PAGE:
“I don’t care if they’ve been training, it’s only been two months. What could they possibly have learned that would threaten me?”
– Dread Empress Sinistra IV, the Erroneous
“The Mighty Berelun is willing to allow passage, but only for a tithe,” Ivah translated.
The Mighty Berelun was full of shit, I decided. That it had accepted an envoy instead of sending a warband the moment we entered its territory had been an auspicious start, especially when it’d proposed one of the large caverns of the region as a meeting place. The Mighty, I had learned, preferred to lay their ambushes in small passages where they could best leverage their superior speed and reflexes without the risk of being swarmed by ‘lesser’ drow. Sadly, it looked like this was going to be a repeat of our aborted talks with the Purka Sigil. The cavern surrounding us might have been broad and high-ceilinged, but there were discreet little paths on an upper level where I could hear drow scuttling around like rats. Berelun had been smart enough to listen to the rumours already making their way through the outer ring but not quite smart enough to decide picking a fight wouldn’t be in its favour. I was almost insulted by how few it had mobilized for the ambush: by the sounds of it, there couldn’t be more than twenty.
Most of those would be ispe, the lowest rung of the Mighty. In practice, those were fighters with a handful of interesting tricks but none of the dangerous Secrets out there. As dangerous in melee as your average fae soldier, if much less mobile for the lack of wings. They were the kind of enterprising souls that joined up with a sigil as much for the protection as because the quickest way for them to grow in power was to slay and harvest other ispe – either those of an enemy sigil or that of their own. Mighty Berelun itself had prudently shown up with an escort, a pair of rylleh. Ivah’s old rank, and one I’d begun to understand was higher up the ladder than my guide had previously implied. Rylleh were the drow just beneath whatever drow the sigil was named after, called the sigil-holder, and considered the most likely contenders to eventually run through their leader and take the clan for themselves. They were also usually the heavy hitters in a sigil apart from the chief, which meant Berelun was taking us seriously. It would not have brought both its most dangerous rivals and strongest fighters to meet with us on the ground floor otherwise.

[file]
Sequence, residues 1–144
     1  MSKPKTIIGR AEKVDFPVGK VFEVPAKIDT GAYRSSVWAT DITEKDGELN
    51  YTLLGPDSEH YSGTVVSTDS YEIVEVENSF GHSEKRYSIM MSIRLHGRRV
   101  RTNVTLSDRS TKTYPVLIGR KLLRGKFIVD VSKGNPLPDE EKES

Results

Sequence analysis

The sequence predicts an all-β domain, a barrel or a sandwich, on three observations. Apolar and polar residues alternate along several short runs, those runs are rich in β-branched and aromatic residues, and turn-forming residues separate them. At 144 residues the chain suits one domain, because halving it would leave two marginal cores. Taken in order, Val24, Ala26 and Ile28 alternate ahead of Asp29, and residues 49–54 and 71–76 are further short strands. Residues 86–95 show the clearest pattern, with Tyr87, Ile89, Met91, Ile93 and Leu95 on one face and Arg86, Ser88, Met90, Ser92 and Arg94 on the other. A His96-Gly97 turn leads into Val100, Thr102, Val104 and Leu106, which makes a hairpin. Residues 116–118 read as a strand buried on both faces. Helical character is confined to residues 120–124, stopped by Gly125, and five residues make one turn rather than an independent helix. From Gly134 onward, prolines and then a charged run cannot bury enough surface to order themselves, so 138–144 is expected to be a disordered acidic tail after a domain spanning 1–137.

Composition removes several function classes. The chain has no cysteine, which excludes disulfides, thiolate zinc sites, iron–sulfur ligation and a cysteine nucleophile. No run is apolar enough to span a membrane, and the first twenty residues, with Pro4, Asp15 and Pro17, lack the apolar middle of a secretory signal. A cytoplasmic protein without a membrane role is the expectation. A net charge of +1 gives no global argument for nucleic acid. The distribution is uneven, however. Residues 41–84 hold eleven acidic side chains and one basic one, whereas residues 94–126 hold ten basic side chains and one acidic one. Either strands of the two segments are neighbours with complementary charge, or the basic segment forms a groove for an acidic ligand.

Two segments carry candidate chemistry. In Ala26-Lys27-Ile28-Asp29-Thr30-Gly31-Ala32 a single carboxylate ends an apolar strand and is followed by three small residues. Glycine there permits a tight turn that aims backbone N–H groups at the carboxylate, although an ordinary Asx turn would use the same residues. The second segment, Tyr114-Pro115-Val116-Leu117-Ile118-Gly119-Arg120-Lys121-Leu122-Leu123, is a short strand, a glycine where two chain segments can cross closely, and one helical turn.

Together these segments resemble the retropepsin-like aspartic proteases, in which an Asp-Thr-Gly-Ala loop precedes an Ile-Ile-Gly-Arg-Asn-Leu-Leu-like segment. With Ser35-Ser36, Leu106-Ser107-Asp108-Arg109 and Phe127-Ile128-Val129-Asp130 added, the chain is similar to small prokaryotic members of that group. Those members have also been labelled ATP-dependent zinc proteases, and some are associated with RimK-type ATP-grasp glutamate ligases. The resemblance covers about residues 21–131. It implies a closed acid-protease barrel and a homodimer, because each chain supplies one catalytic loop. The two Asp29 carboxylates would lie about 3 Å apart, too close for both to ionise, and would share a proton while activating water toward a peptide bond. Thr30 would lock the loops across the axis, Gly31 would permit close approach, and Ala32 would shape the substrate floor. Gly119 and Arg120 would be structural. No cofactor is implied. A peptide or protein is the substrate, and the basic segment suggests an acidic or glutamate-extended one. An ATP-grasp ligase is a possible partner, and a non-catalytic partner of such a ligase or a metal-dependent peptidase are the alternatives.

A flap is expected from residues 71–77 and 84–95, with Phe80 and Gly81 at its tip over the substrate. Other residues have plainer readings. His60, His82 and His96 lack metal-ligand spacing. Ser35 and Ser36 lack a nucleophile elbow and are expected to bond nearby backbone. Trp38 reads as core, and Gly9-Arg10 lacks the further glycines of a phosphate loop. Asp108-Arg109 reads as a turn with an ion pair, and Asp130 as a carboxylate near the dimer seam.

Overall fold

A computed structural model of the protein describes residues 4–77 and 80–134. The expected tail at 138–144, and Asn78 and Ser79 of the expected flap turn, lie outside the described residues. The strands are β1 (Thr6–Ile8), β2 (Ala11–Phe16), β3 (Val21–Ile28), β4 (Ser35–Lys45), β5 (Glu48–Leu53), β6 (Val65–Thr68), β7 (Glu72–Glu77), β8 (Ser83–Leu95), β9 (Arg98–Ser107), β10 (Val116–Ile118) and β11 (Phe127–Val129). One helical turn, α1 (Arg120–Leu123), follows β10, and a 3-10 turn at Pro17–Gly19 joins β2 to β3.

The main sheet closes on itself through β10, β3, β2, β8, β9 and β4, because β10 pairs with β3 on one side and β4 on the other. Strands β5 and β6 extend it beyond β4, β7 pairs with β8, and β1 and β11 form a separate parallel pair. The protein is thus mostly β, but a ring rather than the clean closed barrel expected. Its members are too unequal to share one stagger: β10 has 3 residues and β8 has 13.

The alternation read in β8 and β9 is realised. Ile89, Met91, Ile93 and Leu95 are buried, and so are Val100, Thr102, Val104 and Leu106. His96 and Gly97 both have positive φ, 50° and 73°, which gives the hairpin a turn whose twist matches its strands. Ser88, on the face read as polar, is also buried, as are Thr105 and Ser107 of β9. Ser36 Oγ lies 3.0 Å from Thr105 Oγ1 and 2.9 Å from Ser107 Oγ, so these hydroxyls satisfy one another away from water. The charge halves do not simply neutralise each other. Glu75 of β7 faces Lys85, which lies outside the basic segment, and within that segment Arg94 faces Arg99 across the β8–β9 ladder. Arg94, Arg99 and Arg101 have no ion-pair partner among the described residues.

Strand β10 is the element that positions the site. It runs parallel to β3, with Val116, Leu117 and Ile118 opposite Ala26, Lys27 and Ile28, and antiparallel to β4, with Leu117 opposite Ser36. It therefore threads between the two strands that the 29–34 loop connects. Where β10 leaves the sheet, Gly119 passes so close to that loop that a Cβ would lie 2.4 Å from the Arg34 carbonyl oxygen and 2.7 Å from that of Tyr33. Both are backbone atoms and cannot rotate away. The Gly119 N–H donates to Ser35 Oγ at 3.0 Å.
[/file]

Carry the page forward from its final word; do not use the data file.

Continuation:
That had seemed promising, until I’d heard the ambush setting up.
“What kind of tithe?” I asked.
I had no intention of paying anything of the sort, but stringing this out a little longer would allow for a cleaner resolution. As if prompted by my thought, my ears caught the sound of a blade slicing open a throat. There was a muted gurgle and a body was quietly lowered to the ground. One down. Ivah addressed the Mighty in Crepuscular and I kept my eyes on its own. Deep, perfect silver set in a dark grey face that looked like it’d been carved with a knife. Berelun was larger than most drow I’d seen, broad-shouldered and heavily muscled. The obsidian blade strapped to its back could not be called anything but a greatsword.
“One in ten of your sigil, my queen,” Ivah said. “With no fewer than six ispe among them.”
My sigil, huh. That was one way to call the gathering throng of the desperate and the ambitious Akua was keeping an eye on. Two thousand, by now, though we were still thin on Mighty. Few of those were willing to take my bargain when it was extended. I’d already made my peace with the fact that we’d have to grow our own pack through harvest, and truth be told that might make them slightly more reliable in the long term. Another gurgle above, another drop. Berelun had dispersed its ambushers to make sure they’d be able to fire from all angles, looked like. It would have been decent tactics if I hadn’t seen it coming. But I had, and their isolation meant they were easy prey for my own hunter on the prowl.
“Ivah,” I said. “Ask the Mighty Berelun if it heard what took place between us and the Purka.”
My guide’s deep blue eyes crinkled in amusement, but it nodded. The exchange of words was swift, but not so swift that I did not hear another two throats cut.
“The Mighty knows of the destruction that was delivered unto the Purka,” Ivah said. “It cautions you not to believe the Berelun to be weak or lacking in cunning. It says tithe will be paid, one way or another, and that pretending otherwise is foolish.”
“So it thinks I’m speaking a threat,” I mused. “When I was, in fact, delivering a warning. They might have been sloppier about their ambush, but the plan was quite similar.”
Fifth death, then a pause. The sixth and seventh were nearly simultaneous. She was having fun with it, if she was getting that fancy.
“Is there to be fighting then, my queen?” Ivah asked, sounding less than worried.
“Eventually,” I agreed. “Let’s keep stringing them along for a bit longer. Quibble over the numbers, make it look like I’m considering the offer.”
“By your will,” the drow agreed, head inclining in deference.
By my final count, there were eighteen ispe who’d been hiding upstairs. My eyes remained on Berelun all the while, and I saw it getting increasingly impatient as moments passed. Not because of the negotiations, I thought. We both knew those were going nowhere. Most likely it was awaiting a signal before attacking and growing restless because it wasn’t coming. After thirty heartbeats passed without another throat being cut, I elected to call down the curtains on the farce. Ivah was in the middle of a sentence, but paused when I raised my hand.